Monday, 07 May, 2007 Technology

Digital Photos Testify Against Domestic Abusers


Digital cameras provided to the New York City police help the prosecution of domestic violence move forward. Queens became the first borough to introduce the technology. Five years ago the Queens police began taking digital photos of victims who suffered from domestic violence. As a result, prosecutors have noticed a considerable growth in conviction rates.

Digital cameras capture minor details often missed by Polaroids, and the human eye. Digital photos depict for example cuts on an outstretched hand or bruises that are difficult to notice on the dark complexion skin. When specialists magnify the pictures, there appear other wounds, like tiny cuts and broken capillaries.

By computer, police officers are able to transmit the pictures immediately to a database used by prosecutors of the city. When they used to take Polaroid photos, prosecutors subpoenaed a police officer to bring pictures to their office – and the entire process could last for days.

With digital cameras, prosecutors can at once assess uploaded photos, grasp the gravity of the wounds and then decide how to pursue a case. The digital pictures are also available when a defendant first appears in court. It is crucially important in domestic violence cases. It helps the judge take a serious decision of setting bail instead of letting the person go home where violence may continue.

In Queens, it has been estimated that when the police take digital photos, bail is set in almost a third of all domestic violence cases. When photos are not provided, the figure diminishes to 14 percent -that means the rest of defendants are released home. The photos elicit acute visceral reaction. It is one thing when the judge just hears the descriptions of the victim's injuries and a totally different thing when he sees with his own eyes photos of a human being with all the blood, swelling and bruising. Even when victims refuse to testify, digital photos of abuse support prosecutors and the defendants get just punishment.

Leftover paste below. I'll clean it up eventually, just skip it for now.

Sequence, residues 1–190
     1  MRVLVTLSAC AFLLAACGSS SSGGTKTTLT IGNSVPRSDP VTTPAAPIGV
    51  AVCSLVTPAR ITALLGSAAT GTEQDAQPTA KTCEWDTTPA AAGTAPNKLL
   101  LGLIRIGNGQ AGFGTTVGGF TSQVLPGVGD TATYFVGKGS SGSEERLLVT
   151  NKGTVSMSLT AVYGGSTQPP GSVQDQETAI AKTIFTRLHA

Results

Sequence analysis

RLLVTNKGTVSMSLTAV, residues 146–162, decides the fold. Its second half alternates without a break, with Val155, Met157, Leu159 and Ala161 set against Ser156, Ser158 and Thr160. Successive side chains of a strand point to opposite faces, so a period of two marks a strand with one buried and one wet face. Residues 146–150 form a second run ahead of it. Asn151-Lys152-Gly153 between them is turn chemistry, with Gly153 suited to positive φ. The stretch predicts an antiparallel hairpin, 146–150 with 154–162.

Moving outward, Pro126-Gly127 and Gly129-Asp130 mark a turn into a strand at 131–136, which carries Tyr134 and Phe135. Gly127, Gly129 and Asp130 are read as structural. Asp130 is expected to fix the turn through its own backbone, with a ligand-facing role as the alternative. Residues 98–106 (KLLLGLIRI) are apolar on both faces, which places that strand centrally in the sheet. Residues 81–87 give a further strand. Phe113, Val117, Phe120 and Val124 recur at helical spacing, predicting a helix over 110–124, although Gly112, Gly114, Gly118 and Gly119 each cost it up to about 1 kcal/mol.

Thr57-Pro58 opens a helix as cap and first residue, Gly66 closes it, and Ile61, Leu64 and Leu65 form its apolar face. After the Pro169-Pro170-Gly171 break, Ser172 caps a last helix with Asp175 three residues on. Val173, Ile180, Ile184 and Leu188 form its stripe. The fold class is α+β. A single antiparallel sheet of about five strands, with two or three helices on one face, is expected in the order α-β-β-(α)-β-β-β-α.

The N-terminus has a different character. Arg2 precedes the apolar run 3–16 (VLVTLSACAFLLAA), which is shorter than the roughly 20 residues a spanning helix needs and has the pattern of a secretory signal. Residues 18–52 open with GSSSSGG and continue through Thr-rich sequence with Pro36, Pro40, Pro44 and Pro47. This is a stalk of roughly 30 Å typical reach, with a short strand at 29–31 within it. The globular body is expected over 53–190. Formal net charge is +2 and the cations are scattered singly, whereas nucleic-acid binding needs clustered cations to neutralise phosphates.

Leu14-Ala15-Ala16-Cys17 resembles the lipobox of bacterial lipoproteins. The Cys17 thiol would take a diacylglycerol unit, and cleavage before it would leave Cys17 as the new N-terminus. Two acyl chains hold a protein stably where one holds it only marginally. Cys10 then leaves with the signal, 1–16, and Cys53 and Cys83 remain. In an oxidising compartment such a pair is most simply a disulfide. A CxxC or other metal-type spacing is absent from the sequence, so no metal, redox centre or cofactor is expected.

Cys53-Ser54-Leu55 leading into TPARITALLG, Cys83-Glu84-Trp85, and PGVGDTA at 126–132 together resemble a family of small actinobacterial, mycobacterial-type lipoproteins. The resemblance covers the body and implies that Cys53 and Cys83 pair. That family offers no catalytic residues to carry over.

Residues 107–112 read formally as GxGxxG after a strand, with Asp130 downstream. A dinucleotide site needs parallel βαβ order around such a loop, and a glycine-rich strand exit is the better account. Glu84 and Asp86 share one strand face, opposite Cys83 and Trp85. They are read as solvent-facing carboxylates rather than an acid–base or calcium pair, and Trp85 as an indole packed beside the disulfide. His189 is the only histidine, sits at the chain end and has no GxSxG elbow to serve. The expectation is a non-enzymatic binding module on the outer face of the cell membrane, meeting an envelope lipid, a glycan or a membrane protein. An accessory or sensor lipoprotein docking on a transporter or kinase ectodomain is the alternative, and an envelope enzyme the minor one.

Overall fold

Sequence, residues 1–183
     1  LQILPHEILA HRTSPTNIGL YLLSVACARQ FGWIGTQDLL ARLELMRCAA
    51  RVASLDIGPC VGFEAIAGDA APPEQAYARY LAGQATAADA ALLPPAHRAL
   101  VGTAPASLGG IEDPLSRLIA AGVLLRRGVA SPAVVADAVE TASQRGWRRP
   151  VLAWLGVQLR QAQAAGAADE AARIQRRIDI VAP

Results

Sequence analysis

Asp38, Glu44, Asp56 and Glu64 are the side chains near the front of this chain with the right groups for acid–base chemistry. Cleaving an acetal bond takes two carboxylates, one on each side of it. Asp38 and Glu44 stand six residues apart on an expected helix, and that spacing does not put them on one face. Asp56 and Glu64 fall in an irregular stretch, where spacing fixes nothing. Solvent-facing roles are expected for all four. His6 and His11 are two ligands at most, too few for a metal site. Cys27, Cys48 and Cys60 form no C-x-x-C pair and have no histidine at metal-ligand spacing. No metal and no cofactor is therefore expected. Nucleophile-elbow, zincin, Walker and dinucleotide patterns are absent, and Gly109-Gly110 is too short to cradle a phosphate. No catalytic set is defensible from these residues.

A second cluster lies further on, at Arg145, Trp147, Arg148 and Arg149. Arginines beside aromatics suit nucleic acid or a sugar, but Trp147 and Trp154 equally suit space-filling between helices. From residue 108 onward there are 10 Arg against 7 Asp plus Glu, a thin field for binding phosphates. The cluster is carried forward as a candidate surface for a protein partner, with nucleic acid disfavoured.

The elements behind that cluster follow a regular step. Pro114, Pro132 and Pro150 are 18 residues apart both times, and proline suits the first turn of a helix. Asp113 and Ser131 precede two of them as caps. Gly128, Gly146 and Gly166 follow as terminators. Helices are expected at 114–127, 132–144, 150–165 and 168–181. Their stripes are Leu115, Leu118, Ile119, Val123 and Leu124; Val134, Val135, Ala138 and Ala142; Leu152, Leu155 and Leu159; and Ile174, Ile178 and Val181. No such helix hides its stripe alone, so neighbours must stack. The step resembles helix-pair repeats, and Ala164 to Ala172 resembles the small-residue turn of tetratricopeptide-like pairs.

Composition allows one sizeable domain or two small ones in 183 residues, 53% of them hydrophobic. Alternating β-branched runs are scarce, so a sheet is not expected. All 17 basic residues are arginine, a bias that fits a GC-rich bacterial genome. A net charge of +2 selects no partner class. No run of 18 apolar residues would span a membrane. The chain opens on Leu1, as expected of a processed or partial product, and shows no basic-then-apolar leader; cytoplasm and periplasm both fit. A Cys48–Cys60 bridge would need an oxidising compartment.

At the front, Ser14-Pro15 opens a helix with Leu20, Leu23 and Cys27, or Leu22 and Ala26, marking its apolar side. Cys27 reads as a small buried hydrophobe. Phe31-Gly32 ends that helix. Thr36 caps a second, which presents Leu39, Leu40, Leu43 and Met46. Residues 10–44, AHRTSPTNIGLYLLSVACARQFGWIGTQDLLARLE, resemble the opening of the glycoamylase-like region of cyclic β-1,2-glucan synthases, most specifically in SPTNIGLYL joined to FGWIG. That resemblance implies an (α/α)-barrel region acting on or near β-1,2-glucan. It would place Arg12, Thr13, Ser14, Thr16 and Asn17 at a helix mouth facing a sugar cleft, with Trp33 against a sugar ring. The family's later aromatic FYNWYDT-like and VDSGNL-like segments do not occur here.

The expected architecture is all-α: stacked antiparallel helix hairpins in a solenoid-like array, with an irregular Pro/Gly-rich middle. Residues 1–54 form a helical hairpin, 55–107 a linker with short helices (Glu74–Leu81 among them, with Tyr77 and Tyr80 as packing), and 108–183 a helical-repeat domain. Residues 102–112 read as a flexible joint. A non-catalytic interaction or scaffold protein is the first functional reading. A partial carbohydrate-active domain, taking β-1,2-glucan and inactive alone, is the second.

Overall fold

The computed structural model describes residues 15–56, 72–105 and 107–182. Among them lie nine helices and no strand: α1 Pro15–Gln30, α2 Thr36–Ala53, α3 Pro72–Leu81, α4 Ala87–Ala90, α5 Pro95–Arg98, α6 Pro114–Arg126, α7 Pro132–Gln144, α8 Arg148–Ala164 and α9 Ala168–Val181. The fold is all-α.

Many police departments in the U.S., including in Los Angeles and Miami, have started using digital cameras in their everyday work. Other departments have not yet managed to embrace the technology, often because they are not provided with the money to acquire the equipment and organize an online database.

Police officers need time to get accustomed to using digital cameras and practice in taking good photos. Still, New York New York officers are gradually catching up with those from Queens. At present day New York police are taking digital photos in about 50 % of the domestic violence cases. Just three months ago they were applied in just 20 % of the cases.

Victims of domestic abuse cases often feel reluctant to go to a precinct house because they are fearful or ashamed. However, they agree to have their pictures taken. Photos with the scene of abuse provide a fuller picture as they show broken furniture, blood on the floor or walls, and so on.

The majority of domestic violence victims prefer to keep silence and do not report about the abuse. Those who do, often minimize or change their initial statements. The detailed pictures as well as what the victim reports to the police officer just after the crime, greatly supports a prosecutor's case.

Some experts criticize trials proceeding without the victim 's agreement as they believe it makes them more vulnerable to further violence, especially when they share the place with their abusers. But there is also another opinion - 'victimless' trials make offenders realize that in any case they will not escape justice and will have to face legal consequences.

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